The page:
Not sure what the other piglet nations have as retirement policy. :confused:

Makes me think of the CSS that I'm in, widely regarded as 'the goose that laid the golden egg' among financial advisers. Will enable me to stop working in a few years at age 55. Sadly I've only been contributing 5% but even so with income from the IP's I currently have as well I should have an income equivalent to at least $60k indexed for the rest of my life, hardly a kings ransom but as a single person with no bills and no dependents with my fully owned ppor I could do a lot worse. Hope to add a few more CF+ properties to my portfolio between now and then! :)
 
From business Spectator:

http://www.businessspectator.com.au...ut-ruse-pd20100506-56SP7?OpenDocument&src=kgb



http://www.businessspectator.com.au...MF-debt-pd20100505-568KB?OpenDocument&src=kgb

German tax payers will have to work to 67 apparently, whilst the Greek tax payer can retire at 63.

Interesting comments, although I have to say I've worked for a German company for 5 years, and travelled regularly there (both in East and West) and work with Germans every day, and I have never heard any of them describe themselves as "European". I suspect his psychological analysis of the German psyche is somewhat flawed!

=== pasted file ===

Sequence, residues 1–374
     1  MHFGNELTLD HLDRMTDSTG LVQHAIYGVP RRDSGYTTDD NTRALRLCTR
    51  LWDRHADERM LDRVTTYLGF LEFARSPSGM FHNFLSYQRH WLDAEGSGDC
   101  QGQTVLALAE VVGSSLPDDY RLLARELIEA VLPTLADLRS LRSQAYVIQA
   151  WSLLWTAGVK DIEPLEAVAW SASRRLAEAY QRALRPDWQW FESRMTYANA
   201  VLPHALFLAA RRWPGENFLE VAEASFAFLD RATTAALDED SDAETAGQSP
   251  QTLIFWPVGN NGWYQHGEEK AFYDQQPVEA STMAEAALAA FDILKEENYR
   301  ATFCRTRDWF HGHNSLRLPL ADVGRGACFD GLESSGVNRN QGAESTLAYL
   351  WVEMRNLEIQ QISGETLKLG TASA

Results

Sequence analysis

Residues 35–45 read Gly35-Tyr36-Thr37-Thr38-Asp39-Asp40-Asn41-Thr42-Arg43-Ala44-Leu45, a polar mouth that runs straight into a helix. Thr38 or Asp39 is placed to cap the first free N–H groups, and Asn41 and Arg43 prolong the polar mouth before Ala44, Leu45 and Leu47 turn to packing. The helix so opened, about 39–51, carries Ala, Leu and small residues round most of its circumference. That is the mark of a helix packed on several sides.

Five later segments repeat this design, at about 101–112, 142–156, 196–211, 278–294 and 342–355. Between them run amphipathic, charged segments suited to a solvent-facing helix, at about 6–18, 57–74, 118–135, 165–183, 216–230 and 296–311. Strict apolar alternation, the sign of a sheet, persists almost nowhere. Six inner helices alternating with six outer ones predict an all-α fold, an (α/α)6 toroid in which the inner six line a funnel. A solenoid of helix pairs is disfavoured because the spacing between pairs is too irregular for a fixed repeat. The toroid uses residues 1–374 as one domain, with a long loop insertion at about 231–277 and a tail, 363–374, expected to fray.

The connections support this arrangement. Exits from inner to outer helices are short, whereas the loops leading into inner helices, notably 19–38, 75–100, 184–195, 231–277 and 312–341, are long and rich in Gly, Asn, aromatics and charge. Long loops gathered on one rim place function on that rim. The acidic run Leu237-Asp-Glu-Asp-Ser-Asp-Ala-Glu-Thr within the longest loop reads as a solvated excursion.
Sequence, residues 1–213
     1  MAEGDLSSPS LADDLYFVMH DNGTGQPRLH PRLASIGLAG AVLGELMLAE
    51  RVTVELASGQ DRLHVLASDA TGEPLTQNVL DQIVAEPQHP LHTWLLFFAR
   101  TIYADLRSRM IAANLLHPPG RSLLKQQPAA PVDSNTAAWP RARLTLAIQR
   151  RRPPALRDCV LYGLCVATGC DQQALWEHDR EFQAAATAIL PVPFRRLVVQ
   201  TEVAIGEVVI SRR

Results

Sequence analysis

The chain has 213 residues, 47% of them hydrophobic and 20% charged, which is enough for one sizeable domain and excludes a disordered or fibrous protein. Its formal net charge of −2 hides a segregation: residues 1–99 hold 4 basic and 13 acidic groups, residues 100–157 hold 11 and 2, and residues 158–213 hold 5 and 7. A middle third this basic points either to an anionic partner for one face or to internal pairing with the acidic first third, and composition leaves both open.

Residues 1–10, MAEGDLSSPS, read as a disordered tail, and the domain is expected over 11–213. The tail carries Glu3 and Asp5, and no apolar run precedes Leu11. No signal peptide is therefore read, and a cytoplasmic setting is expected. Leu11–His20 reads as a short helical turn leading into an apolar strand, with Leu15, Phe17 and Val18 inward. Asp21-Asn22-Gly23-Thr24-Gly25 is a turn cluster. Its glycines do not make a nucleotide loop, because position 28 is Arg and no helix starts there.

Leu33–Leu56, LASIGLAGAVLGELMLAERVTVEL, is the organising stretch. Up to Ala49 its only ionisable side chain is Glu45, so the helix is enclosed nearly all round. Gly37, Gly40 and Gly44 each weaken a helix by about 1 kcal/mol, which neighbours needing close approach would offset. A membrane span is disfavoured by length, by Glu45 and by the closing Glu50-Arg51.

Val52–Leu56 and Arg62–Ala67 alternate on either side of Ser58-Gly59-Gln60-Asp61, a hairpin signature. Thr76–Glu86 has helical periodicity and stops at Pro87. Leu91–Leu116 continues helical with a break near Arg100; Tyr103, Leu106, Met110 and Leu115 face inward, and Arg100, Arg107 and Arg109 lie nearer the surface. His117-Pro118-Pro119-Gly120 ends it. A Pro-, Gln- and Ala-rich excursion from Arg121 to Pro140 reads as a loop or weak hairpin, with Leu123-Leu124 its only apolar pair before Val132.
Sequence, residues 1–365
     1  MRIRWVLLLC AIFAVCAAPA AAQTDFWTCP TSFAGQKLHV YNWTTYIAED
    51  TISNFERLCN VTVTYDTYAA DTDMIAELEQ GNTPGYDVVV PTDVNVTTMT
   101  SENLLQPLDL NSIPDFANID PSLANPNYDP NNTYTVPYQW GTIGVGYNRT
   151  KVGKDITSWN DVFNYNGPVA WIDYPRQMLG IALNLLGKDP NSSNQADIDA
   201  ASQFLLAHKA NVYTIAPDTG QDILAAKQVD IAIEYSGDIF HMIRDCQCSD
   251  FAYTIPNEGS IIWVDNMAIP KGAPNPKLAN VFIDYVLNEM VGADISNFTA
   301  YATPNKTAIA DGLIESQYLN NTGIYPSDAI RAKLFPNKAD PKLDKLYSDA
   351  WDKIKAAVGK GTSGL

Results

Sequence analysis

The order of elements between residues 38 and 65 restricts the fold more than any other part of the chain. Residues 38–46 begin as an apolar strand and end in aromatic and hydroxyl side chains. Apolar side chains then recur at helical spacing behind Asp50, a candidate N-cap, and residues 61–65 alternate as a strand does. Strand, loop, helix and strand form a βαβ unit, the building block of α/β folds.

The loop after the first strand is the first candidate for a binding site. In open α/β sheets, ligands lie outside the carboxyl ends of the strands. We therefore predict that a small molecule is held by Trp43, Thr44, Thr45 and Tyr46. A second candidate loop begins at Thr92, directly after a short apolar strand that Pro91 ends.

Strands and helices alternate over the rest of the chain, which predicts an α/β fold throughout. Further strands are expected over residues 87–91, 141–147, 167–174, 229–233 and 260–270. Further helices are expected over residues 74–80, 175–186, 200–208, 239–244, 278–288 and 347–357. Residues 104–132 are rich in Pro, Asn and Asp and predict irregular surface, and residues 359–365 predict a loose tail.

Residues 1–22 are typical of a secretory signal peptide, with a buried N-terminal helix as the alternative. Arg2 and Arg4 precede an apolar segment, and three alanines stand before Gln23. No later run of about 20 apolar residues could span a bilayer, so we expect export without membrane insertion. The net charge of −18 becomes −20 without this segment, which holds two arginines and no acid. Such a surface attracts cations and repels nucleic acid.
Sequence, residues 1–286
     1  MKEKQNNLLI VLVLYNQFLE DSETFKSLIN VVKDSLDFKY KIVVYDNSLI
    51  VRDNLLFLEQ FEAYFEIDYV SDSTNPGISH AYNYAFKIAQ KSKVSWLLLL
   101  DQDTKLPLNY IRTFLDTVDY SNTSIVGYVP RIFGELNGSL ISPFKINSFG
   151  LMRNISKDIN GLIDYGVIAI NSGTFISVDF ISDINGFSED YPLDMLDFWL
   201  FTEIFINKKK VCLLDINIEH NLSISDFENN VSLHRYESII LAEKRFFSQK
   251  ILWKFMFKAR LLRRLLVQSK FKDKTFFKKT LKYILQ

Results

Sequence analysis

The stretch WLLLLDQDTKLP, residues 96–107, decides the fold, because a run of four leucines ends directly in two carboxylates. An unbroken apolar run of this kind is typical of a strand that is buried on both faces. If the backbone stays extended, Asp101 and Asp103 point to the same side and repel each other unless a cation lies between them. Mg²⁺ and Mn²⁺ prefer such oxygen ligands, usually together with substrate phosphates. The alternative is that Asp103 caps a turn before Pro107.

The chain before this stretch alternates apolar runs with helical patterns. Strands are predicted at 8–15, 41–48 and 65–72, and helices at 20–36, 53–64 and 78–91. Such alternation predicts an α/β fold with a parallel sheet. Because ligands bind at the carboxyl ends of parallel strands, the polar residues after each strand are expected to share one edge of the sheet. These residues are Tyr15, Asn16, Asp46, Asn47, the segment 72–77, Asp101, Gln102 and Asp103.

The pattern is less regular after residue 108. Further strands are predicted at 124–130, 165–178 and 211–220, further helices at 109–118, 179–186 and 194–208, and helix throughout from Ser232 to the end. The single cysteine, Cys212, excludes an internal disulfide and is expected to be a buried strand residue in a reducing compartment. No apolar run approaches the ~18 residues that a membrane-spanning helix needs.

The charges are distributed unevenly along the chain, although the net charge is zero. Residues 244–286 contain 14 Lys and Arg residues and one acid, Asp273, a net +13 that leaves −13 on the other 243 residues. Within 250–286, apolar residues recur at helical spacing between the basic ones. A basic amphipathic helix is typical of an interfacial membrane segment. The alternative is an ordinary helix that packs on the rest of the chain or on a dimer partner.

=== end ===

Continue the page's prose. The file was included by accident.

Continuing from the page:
Pen
 
The Greeks and other Europeans are not entirely at fault here.
It all started with subprime loans a couple of years ago and the bailing out of the banks.

Lack of regulation comes to mind.
The rating agencies, financial markets and large financial players were meant to be regulated a couple of years ago but for whatever reason they haven't been touched. Why were the rating agencies rating junk loans as AAA+ and are now rating guaranteed government bonds as junk?

Is it profiteering?
The same players who created the mess a couple of years ago are still playing the system and still doing whatever they want to the markets seeking to create profit opportunities at any cost.

The private sector losses are slowly being transferred to the tax payers.
First in the US and now in Europe and unless something is done it has the risk of causing whole countries to collapse.

Perhaps country defaults are what the hedge funds and others need to learn their lesson
but then unless the tap of speculation is turned off they'll find another victim.

IMHO
 
The finger can be pointed in many place on the who, what, why and when.

The reality is Greece is stuck in a pickle of a situation. They cannot execute sound tried true and tested government reaction to financial problems, which is to say, they are not allowed to print their way out of a corner due to being pinned to the euro.

So either Germany leaves the euro and the euro can get printed out of its debt problems, or Greece gets booted out of the euro and it can then inflate its way out of its problems using the good old drachma. Either way I believe another big does of inflation is almost guaranteed.

The other scenario is that all of Europe sticks there heads in the sand and signs a big fat cheque over to the banks. (must admit this could be a very likely scenario)